Oi Plunges as Brazil Backs Majority Shareholder in MergerChristiana Sciaudone
Oi SA tumbled in Sao Paulo trading by the most since October after Brazil’s securities regulator sided with majority shareholders in a dispute over a planned merger with Portugal Telecom SGPS SA.
Controlling shareholders won a victory as regulator CVM ruled last night that they’ll be allowed to vote tomorrow on a capital increase of as much as 14.1 billion reais ($6.1 billion) and the valuation of assets involved in the merger. Minority investors led by Tempo Capital in Rio de Janeiro fought to block their vote in a meeting happening tomorrow because the deal involves paying off 4.5 billion reais in the controlling group’s debt in addition to diluting holdings.
The merger is “a transaction that many perceived as not only being dilutive, but one in which the company failed to provide any details,” said Walter Piecyk, an analyst with BTIG LLC, in a telephone interview from New York. “They claim they want to go on the ‘Novo Mercado,’ but they aren’t offering any transparency. That’s probably a good indication to exit the stock.”
Oi’s preferred shares plunged 11 percent to 3.19 reais in Sao Paulo, bringing its total loss since the deal was announced on Oct. 2 to 28 percent. Trading volume was four times the three-month daily average.
The Novo Mercado is a section of the Sao Paulo Stock Exchange that sets higher corporate governance standards.
The CVM’s ruling confirms “there is no impediment to the exercise of voting rights by the other shareholders of Oi,” the company said in a statement today.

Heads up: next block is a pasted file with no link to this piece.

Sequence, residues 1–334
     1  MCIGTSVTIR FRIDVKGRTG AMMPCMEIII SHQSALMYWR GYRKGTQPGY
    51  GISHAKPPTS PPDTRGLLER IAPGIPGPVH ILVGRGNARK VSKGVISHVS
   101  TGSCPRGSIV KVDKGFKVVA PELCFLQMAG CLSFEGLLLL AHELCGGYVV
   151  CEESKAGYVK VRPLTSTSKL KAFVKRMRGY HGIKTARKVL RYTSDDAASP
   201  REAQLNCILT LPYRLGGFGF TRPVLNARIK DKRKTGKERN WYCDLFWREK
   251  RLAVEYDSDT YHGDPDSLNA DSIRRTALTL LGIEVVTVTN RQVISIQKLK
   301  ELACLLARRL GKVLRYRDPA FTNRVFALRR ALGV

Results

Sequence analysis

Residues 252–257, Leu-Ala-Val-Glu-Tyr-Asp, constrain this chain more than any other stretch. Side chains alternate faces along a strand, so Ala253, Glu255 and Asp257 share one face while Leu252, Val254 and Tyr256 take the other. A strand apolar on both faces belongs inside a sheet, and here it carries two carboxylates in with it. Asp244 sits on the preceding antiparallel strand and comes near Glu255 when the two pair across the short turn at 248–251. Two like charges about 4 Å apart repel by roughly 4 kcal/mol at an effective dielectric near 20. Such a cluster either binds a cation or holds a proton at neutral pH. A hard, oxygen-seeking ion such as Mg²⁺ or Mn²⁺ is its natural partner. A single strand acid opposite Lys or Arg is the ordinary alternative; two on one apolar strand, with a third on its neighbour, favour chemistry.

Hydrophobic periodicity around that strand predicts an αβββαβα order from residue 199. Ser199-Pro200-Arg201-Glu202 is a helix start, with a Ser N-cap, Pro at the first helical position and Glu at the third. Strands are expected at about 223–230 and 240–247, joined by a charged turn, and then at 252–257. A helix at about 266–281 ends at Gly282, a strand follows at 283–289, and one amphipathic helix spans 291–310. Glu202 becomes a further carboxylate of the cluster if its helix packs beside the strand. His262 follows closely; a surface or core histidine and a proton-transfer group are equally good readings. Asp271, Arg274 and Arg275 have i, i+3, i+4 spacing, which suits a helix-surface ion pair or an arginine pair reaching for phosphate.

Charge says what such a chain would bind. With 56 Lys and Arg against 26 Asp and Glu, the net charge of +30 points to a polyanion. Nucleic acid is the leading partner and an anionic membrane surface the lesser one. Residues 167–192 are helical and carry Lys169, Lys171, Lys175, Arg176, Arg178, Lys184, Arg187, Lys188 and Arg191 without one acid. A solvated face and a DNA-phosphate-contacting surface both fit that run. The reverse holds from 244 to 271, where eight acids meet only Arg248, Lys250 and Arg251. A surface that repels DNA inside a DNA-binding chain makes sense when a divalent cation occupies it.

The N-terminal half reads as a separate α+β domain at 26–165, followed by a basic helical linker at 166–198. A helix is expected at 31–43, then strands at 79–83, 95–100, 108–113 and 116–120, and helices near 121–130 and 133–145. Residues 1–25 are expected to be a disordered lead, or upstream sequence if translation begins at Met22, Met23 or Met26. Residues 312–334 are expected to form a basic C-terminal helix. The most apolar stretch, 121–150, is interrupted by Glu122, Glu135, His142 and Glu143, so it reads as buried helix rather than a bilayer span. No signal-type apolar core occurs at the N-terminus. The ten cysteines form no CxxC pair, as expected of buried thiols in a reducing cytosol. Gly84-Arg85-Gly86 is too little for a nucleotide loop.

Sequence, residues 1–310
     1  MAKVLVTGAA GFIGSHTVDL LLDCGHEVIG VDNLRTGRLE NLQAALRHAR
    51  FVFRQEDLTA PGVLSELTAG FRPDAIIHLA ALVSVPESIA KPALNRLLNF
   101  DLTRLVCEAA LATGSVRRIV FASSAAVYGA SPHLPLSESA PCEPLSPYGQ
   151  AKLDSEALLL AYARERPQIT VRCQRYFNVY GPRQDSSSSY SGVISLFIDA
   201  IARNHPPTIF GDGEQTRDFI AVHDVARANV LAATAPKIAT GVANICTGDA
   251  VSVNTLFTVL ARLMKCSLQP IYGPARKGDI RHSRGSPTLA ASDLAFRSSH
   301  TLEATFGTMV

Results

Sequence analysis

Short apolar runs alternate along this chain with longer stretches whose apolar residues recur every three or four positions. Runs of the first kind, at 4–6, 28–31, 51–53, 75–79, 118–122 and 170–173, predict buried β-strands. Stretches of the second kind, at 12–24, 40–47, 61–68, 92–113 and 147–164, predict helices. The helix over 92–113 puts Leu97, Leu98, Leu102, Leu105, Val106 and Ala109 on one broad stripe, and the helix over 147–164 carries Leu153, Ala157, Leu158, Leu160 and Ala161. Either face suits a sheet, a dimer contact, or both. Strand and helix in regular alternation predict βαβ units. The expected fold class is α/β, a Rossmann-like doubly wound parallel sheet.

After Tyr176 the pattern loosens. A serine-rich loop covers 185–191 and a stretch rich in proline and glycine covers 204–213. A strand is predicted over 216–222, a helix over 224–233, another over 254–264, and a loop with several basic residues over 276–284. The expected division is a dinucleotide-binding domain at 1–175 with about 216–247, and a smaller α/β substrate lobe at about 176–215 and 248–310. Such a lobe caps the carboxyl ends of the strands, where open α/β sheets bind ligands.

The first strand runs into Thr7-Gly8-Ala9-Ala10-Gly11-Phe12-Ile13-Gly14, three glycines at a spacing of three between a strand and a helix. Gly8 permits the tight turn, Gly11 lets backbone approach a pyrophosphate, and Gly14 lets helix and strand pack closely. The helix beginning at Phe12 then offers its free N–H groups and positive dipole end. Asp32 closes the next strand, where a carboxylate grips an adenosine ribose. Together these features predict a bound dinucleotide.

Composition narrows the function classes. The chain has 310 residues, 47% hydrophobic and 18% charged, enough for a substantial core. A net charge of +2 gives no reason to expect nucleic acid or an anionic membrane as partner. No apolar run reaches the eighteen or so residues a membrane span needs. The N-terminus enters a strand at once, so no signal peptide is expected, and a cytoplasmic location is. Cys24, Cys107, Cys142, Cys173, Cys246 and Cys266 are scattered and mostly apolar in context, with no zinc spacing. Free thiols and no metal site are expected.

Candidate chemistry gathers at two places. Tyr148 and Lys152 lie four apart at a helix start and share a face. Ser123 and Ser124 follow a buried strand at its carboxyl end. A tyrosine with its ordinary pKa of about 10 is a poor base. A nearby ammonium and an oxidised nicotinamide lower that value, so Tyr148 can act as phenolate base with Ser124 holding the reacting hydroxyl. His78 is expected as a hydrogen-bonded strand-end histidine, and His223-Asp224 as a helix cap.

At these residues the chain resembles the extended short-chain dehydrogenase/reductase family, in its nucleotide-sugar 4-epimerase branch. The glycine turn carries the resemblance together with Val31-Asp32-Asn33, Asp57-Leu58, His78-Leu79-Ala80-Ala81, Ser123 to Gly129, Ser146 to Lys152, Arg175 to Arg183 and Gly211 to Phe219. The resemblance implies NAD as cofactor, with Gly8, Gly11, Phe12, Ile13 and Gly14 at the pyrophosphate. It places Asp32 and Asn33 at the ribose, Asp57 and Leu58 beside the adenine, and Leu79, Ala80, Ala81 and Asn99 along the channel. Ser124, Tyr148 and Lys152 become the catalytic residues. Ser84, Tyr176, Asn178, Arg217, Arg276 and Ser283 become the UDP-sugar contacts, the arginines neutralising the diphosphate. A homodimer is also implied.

Oi’s press office in Rio de Janeiro, where the company is based, declined to comment further by phone.
CVM’s decision may have a dilutive effect to minority shareholders and creates a “negative precedent” for future transactions, Tempo Capital said in e-mailed statement.
The ruling contradicts a preliminary CVM technical committee decision in January that said the controlling group, Telemar Participacoes, and its investors couldn’t participate in tomorrow’s vote. Oi’s ownership group includes the Jereissati and Andrade-Gutierrez families and pension funds Petros, Previ and Funcef.
Oi Chief Executive Officer Zeinal Bava is pushing for the merger to help the phone carrier compete with America Movil SAB and Telefonica SA in Brazil. The deal would allow Oi and Portugal Telecom to create a company with more than 100 million subscribers.
The merger won the backing of Brazil’s largest pension fund, known as Previ, which said the transaction will be worth the share dilution that investors will suffer. The tie-up, the biggest Brazilian deal announced in 2013, is pivotal to Oi’s efforts to clean up a complicated ownership structure at the wireless carrier and expand to compete in the country’s overregulated market, Marco Geovanne, executive director of holdings at Previ, said in a Feb. 19 interview.
The two biggest shareholder advisory firms, Glass Lewis & Co. and Institutional Shareholder Services Inc., agreed that the merger would improve Oi’s corporate governance. They differed on whether the dilution of minority investors’ stakes was enough to object to the deal, and whether Oi is using the best method to value Portugal Telecom’s assets. Glass Lewis in a report this month recommended a vote in favor, while ISS advised opposing the deal.
A group of banks -- including Banco do Brasil SA, Credit Suisse Group AG and Banco BTG Pactual SA among others -- “should assume a commitment to subscribe for an amount of 6 billion reais” in the capital increase, Oi said in a February regulatory filing.
“There’s little, if any, risk of the capital raising not completing,” Evan Miller, a portfolio manager at Gamco in London who helps manage $43.5 billion in assets, including Oi shares. “But obviously you don’t want to have to draw on a banking syndicate if you can avoid it.”